Padmaj Kulkarni
Padmaj Kulkarni

The Everest story is shocking and an extremely blatant example of capitalization on the grey market. It is targeting doctors and patients from across the border using WhatsApp, email, social media, etc. Patients have even sent their oncology doctors’ images of the cartons to verify if the medicines provided in India are acceptable. The packaging seems to be of high quality. The printing quality is also similar to that of the innovator companies. The image of authenticity is enhanced by using barcodes, batch numbers, manufacture date, expiry date, and even holograms. A fancy hologram today costs a few rupees and there are lakhs of suppliers easily available. Today, barcodes can be generated and read by mobile phone apps. When we tried to inspect the barcodes, it only showed a serial number. There were no internationally accepted norms of country code, product code, batch number or other details.

Barcoding for healthcare follows GS1 standards, which are open, global, proven, simple and in use for more than 30 years. Open, technology-independent standards allow full compatibility across the world. Pharma companies are not obliged to use costly and limited proprietary solutions. This is important because healthcare has universal global applications. This international standardized system allows traceability from the manufacturer of the medicine right up to the patient taking the medicine. In addition, a global trade item number (GTIN) is required to clearly identify that product in any country with ease. The fake generic medicines sold from Bangladesh do not comply with this requirement.

When I was first contacted by Mr. Anwar of Everest Pharma, Bangladesh, I thought it was a hoax. But then I was shocked to hear that he had also contacted several other colleagues by phone and WhatsApp. When a patient asks me about the cheap medicines from Bangladesh, I categorically tell them not to risk their lives by using drugs that have not been licensed by any authority or tested on human beings. I tell them exactly what I would do if I was in their place.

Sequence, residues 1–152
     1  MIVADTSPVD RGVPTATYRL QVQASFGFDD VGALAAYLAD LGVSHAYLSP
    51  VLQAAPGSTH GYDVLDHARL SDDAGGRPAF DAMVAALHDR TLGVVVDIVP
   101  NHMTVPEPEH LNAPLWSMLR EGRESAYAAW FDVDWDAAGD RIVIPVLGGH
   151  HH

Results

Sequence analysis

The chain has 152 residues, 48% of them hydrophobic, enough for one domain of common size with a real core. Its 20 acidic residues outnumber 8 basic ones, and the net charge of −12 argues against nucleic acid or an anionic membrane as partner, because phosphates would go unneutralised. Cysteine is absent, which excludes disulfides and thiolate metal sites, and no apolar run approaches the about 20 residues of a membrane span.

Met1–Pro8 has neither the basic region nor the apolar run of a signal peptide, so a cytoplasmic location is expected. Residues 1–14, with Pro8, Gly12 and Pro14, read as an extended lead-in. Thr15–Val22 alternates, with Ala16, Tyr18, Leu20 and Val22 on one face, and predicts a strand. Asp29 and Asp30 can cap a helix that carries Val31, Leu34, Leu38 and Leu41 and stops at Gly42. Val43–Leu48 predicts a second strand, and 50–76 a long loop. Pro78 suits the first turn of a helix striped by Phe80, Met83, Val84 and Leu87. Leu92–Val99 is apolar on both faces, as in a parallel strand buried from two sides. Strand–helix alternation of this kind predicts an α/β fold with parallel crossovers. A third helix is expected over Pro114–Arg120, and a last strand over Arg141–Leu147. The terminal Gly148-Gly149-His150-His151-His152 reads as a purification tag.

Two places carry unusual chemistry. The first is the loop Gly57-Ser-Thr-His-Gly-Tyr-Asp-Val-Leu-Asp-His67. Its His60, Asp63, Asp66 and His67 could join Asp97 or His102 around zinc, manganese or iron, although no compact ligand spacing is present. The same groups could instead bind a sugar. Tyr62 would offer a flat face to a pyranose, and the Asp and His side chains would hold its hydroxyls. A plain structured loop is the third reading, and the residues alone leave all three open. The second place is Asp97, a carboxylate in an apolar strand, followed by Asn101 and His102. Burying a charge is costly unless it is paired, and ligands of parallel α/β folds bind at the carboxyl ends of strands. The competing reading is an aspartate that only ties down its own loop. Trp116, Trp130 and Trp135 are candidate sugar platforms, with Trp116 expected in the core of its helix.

Dr G S Bhattacharyya Senior Medical Oncologist from Kolkata
Dr G S Bhattacharyya
Dr G S Bhattacharyya

Dr Parikh called his oncology colleague in Bangladesh to verify. The answer was that these medicines are not available in Bangladesh at all. They have also not been approved by their drug authorities. Further investigations show that there are no publications, no human patient studies, not even pharmacokinetic (PK) and pharmacodynamic(PD) studies in healthy subjects. Some of the oncologists said that their patients surreptitiously taking generic osimertinib actually seemed to benefit. How could this happen? On careful investigation, we found that some ‘manufacturers’ are using active ingredients supplied by companies like Sigma.

Such intermediaries are only for laboratory use and are not cleared for human consumption. Unethical companies might be using this raw material to manufacture fake generic medicines that are not meant for humans, let alone having been tested as required by drug authorities across the world. We have no idea what active ingredient, preservative, stabilizer, filler or impurities these fake generic ‘medicines’ contain. All that we know is that thousands of Indians are risking their lives by being exposed to such unlicensed, untested and unverified ‘drugs’. It may even be that deaths have occurred either due to toxicity or due to the underlying disease growing in the absence of real medicines.

Is this an economic war being waged by a few unscrupulous companies from across our borders? Who will protect our patients?